TABLE 1-1 Demographics of Persons in the NSCISC Database by Year of Injury

 

1973-1977

1995-1999

Gender (percent)

Male

82.7

79.5

Female

17.3

20.5

Age at Injury (percent)

1-15

7.7

3.0

16-30

61.6

42.1

31-45

17.7

28.1

46-60

8.8

15.1

61-75

3.6

8.5

76+

0.7

3.2

Mean Age (yr) at Injury

28.2

36.5

Race or Ethnicity (percent)

Caucasian

76.8

62.2

African American

14.9

23.7

Hispanic

6.2

10.9

Asian American

0.8

2.2

Native American

1.3

0.3

Other Race

0.0

0.7

NOTE: The NSCISC database includes data from an estimated 13 percent of new spinal cord injury cases in the United States. As of July 2004, the database contained information on 22,992 individuals who had sustained traumatic spinal cord injuries. Since 1973, 25 federally funded Model Spinal Cord Injury Care Systems have contributed data to the NSCISC database. Although the database has a large sample size and geographic diversity, it is not population based.

SOURCE: Reprinted with permission, from DeVivo et al., 2002. Copyright 2002 by Demos Medical Publishing.

graphic data for individuals with spinal cord injuries occurring in the periods from 1973 to 1977 and 1995 to 1999.

The nature and extent of spinal cord injuries vary widely, depending on the site of the injury and its severity. Table 1-2 highlights the heterogeneous nature of the functional outcomes resulting from spinal cord injuries. Each individual’s experience is unique in terms of the degree of paralysis and pain, the extent of spasticity, and the therapies involved in stabilizing autonomic system dysfunction. Therefore, how a spinal cord injury impacts a person’s life is highly individualized. Injuries to the upper sections of the spine nearest the head can result in quadriplegia (also termed tetraplegia), with the individual losing motor and sensory functions in the arms and legs, as well as bowel, bladder, chest, abdominal, and diaphragm function. Injuries occurring in the lower areas of the spine may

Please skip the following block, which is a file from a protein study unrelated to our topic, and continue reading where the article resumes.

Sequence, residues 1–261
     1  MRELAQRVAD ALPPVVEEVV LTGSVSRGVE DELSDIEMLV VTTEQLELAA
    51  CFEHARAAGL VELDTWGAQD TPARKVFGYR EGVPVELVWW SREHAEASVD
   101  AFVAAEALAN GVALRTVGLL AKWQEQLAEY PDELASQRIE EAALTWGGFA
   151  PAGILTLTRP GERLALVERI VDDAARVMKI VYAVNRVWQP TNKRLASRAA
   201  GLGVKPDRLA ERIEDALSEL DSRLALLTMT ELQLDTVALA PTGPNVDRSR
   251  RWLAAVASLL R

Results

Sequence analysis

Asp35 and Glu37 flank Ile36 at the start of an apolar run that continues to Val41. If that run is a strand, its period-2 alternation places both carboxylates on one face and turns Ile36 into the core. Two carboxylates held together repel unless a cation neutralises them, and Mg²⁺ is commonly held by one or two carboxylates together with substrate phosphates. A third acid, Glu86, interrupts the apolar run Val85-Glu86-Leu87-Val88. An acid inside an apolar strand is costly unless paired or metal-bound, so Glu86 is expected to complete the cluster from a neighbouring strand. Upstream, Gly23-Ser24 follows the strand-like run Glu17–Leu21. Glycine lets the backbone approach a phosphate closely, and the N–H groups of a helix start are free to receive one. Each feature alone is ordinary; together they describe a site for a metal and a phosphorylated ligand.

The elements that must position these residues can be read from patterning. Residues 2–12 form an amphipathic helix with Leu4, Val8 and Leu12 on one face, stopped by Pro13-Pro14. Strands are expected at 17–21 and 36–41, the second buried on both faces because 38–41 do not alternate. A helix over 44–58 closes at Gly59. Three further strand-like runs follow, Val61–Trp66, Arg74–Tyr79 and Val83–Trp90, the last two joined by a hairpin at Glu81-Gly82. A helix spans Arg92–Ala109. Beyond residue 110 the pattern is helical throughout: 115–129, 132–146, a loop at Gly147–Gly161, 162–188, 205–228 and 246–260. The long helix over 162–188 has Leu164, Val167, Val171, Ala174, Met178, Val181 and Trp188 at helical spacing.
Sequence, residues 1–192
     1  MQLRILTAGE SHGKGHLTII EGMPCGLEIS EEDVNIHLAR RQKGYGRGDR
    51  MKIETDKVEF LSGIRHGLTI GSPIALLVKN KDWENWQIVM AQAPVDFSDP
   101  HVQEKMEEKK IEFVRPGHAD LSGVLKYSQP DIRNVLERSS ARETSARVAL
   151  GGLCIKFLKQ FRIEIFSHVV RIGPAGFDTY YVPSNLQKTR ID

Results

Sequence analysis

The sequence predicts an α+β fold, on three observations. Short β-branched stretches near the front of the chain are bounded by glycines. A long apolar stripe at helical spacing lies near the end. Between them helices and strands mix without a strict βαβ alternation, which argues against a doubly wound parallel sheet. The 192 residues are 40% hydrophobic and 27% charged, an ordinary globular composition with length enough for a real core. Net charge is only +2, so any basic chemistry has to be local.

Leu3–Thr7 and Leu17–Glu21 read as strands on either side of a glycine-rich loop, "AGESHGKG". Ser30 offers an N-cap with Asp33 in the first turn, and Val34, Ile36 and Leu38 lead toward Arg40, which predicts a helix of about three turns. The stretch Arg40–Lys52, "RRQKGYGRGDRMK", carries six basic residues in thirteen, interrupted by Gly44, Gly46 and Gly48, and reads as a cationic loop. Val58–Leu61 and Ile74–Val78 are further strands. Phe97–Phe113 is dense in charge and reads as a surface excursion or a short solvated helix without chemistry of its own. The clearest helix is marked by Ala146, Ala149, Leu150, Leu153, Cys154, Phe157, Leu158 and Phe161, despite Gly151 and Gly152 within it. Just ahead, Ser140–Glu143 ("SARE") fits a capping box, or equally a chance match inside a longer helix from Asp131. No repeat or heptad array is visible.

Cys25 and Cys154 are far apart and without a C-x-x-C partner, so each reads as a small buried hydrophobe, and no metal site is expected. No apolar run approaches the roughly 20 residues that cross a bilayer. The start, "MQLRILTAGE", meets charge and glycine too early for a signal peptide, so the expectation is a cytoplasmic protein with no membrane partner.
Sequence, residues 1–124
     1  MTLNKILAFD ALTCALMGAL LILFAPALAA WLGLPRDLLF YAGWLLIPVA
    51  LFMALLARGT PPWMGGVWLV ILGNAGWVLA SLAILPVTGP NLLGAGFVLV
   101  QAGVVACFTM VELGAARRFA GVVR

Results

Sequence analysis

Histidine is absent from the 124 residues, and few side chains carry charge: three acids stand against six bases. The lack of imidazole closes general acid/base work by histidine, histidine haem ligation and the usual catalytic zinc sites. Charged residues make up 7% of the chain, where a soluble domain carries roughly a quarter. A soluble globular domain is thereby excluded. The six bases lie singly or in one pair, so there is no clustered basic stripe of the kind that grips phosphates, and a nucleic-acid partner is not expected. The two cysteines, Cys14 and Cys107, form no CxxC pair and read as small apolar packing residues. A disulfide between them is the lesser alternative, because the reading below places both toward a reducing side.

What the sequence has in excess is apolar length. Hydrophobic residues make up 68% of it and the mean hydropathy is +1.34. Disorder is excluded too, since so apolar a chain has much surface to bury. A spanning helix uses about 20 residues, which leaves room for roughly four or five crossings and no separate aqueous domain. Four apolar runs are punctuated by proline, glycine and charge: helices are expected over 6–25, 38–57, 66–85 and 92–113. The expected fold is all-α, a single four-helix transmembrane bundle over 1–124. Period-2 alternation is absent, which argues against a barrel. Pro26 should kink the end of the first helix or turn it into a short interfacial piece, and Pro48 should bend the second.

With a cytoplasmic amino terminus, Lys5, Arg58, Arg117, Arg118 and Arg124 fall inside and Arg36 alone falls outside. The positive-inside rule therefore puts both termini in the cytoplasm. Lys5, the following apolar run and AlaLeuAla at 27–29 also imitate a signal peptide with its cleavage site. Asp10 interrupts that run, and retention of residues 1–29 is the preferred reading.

The National Academies | 500 Fifth St. N.W. | Washington, D.C. 20001
Copyright © National Academy of Sciences. All rights reserved.
Terms of Use and Privacy Statement